Spotlight Series - Science Week Focus - Dr Chris McCormack - There are no facts that are not scientific!

Spotlight Series - Science Week Focus - Dr Chris McCormack - There are no facts that are not scientific!

Our “Spotlight Series” profiles our faculty, staff, student and research stories that make our Institute the amazing community it is. This week we continue the focus on our science stories, given that it is national science week and the theme is “Believe in Science”. Here we profile Dr Chris McCormack from AIT’s Faculty of Science and Health to find out what’s happening in the college during our Science Week.

Chris, Can you give us a flavour of some of the events you are hosting at the college this year?

We have a dolly-mixture of events, hopefully everyone is catered for. We have talks and shows ranging from bogland biodiversity to the science of relationships. We have a talk about why dogs “woof” and another about home-made probiotic foods. We have invited professional experts and life-long enthusiasts to share their valuable knowledge and they are being very generous. For example, one of our speakers is an expert in the little Irish Black Bee, a protected species. He has nurtured these bees all of his life and his enthusiasm is extremely contagious! Every year we host a wonderfully whacky science roadshow for National School children, and we have a morning dedicated to healing herbs and bees for young children; we’ve called this “Have scents and bee happy”. Transition Year students also have activities. The various afternoon and evening talks are open to students and members of the public. A full menu of our activities is available through the Midland Science website, and at

Can you tell us about your own role in AIT and a little about your background?

I worked in industry and as a consultant for years before working at AIT. I am part of the Faculty of Science and Health. My core areas are Occupational Health and Environmental Protection. I am also qualified in Research Practice – I’m curious about how humans are curious, and communicate their findings to other curious people. I also teach “Learning and Development for Higher Education” and “Enquiry Based Learning”, innovative modules that open up new ways of learning to the student while developing their confidence in Science communications. I have morphed a few times during my life, and intend on morphing again!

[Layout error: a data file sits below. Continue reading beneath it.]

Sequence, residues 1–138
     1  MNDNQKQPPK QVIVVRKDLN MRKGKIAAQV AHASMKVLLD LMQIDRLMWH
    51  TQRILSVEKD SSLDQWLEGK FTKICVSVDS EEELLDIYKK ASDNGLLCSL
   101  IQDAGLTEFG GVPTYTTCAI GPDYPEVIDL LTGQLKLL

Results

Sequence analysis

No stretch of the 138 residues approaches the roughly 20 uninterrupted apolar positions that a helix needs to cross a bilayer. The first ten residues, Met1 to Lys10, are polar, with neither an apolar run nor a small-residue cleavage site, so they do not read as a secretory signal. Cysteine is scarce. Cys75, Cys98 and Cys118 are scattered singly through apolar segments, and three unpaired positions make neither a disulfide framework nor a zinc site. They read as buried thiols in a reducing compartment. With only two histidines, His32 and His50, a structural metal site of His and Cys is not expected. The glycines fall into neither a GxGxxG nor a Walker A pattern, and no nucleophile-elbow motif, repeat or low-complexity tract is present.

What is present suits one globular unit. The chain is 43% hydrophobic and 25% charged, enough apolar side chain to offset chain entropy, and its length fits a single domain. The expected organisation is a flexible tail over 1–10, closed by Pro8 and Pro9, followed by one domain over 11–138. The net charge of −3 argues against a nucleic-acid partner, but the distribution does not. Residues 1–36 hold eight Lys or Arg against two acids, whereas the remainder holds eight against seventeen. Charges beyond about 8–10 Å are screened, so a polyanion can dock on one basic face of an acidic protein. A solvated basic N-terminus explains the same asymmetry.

Along with my colleague, Dr Brian Murphy, we organise Science Week at AIT.

What do you think we can be doing to inspire and encourage more young people to choose science as a subject and indeed as a third level college choice?

I believe we should be encouraging young people to be “renaissance” men and women, developing both their creative and logical or problem solving abilities side-by-side. The human mind can do multi-disciplinary thinking, it is not limited or compartmentalised. Science doesn’t live alone; it is part of every component of life. Science belongs to the curious small child in all of us. I am an advocate of STEAM, which brings about innovative thinking. Science has been pigeon-holed for too long. I’d like young learners to be curious, to consider their discoveries every day. Choosing science helps us to be comfortable in our world, to be hopeful of the future and to give us information about our past.

Why do you think events like the Midlands Science Festival are so important?

This festival takes Science out of the classroom and onto the street. It allows access to people who wouldn’t get a close-up of these fascinating things in their day-to-day lives. It is a colourful and creative presentation of Science. Valuable activities are free of charge for all the family. Our resources are pooled for this festival; the conventional edges of ownership are blurred. I think it’s a breath of fresh air for Science, a playful offering of so many otherwise hidden strengths.

What is your favourite science fact?

Oh dear, just one? I’m like Michelangelo in one thing: “Ancora Imparo” – I am still learning! There are no facts that are not scientific! Last week, I learned that the plural of “octopus” is “octopodidae” – apparently, the word comes from the Greek, not the Latin! My colleague’s 15 year old daughter knew this. This word makes me laugh and I might just need it for Scrabble! I have also recently learned how the tangible brain creates the intangible mind; in the Wernike area we integrate information into image patterns, then the Broca area converts these images into concepts. Magical! It sounds quite nerdy, but like our toes, we all have them! I’m going to look after my Wernike and Broca areas as they make me very happy.

I could give you new favourite facts, forever. The world is a thrilling place and I’m happy to be greedy about it.

For a full listing of timetabled events for Science Week please see and

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